The other way around
I remember a scary building, long since demolished, in the sciences complex at the University of Oregon in Eugene. This must have been the late 1970's -- I had a key to most of the science buildings, and would explore the nooks and crannys in my off hours, to clear my head. The scary one had a "danger: radiation" sign on almost every door from the outside all the way through to the bathroom. It was filled with sinks and tables labeled as badly irradiated.
This was a biology laboratory. What on earth was all this unnatural radiation for? What did it have to do with biology? The answer, as it turns out, is "nothing".
These labs were for drosophila research. Generations of fruit flies were bred with different levels of background radiation in order to 1) quantify the genetic damage of different levels of radiation and 2) track the cross-bred journey of mutations over generations.
Although much was learned about the structure of the genetic transmission, the impetus for the research was a theory, which in my mind is now discredited: that genetic variation emerges through radiation-induced genetic mutation. This was, with hindsight, a convenient interpretation of Darwinism in the Age of the Atom. In much the same way, "Social Darwinism", preaching survival of the strong, was a convenient interpretation of Darwin in the age of Robber Barons.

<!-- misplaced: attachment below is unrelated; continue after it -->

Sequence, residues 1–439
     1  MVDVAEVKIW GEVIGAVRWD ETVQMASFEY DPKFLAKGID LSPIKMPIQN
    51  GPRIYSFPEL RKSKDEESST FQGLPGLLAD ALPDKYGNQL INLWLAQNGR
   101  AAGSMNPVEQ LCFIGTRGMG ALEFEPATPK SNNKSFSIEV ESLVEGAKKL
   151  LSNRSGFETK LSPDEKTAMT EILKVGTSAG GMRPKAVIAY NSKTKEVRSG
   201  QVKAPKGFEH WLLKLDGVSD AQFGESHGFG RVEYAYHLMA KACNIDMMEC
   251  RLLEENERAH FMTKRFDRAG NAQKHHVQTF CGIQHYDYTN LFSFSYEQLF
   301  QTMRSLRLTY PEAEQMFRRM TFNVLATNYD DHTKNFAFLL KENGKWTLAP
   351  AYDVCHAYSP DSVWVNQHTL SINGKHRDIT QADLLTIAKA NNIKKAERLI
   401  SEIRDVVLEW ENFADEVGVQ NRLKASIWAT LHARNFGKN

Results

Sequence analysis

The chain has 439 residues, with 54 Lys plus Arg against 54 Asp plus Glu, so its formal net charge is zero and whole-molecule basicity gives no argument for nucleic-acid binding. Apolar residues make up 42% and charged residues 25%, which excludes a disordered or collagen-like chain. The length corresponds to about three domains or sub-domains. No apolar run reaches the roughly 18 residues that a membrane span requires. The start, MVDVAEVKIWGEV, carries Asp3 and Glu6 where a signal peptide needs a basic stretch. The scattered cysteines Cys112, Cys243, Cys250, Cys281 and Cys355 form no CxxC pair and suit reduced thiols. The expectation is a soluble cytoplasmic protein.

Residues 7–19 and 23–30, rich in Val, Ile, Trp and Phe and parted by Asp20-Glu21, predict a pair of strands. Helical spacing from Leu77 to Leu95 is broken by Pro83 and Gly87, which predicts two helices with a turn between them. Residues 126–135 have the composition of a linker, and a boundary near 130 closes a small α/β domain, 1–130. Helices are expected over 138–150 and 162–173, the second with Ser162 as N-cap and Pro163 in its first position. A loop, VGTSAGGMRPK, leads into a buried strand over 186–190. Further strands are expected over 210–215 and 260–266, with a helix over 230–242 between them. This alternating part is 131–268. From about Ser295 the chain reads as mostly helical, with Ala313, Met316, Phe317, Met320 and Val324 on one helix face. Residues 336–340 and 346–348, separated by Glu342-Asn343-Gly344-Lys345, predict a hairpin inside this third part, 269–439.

The notion that "hopeful monsters" would provide the necessary variation, flew in the face of this basic observation: living things tend to be quite healthy, but genetic damage tends to kill.
I saw the answer to this problem presented quite clearly, although not generalized, on a NOVA the other day, about dogs. Dogs under selective pressures, for example "friendliness towards humans", undergo changes in metabolic and hormonal pathways, and developmental timing, which radically change their morphology. [From experiments by Dmitri Belyaev]
Morphological evolution is the direct result of selective pressures. It doesn't require a separate "mechanism", such as random mutation introduced by environmental radiation, acted upon by selection. The pressure creates the evolution.
As is often the case, our cognition tends to "separate" aspects of nature before recognizing that ... they are not separate.
Note that much of genetic programming is based on this superceded notion of random mutation. It may need to evolve to the new model, if the goal is to achieve levels of adaptation equivalent to nature's.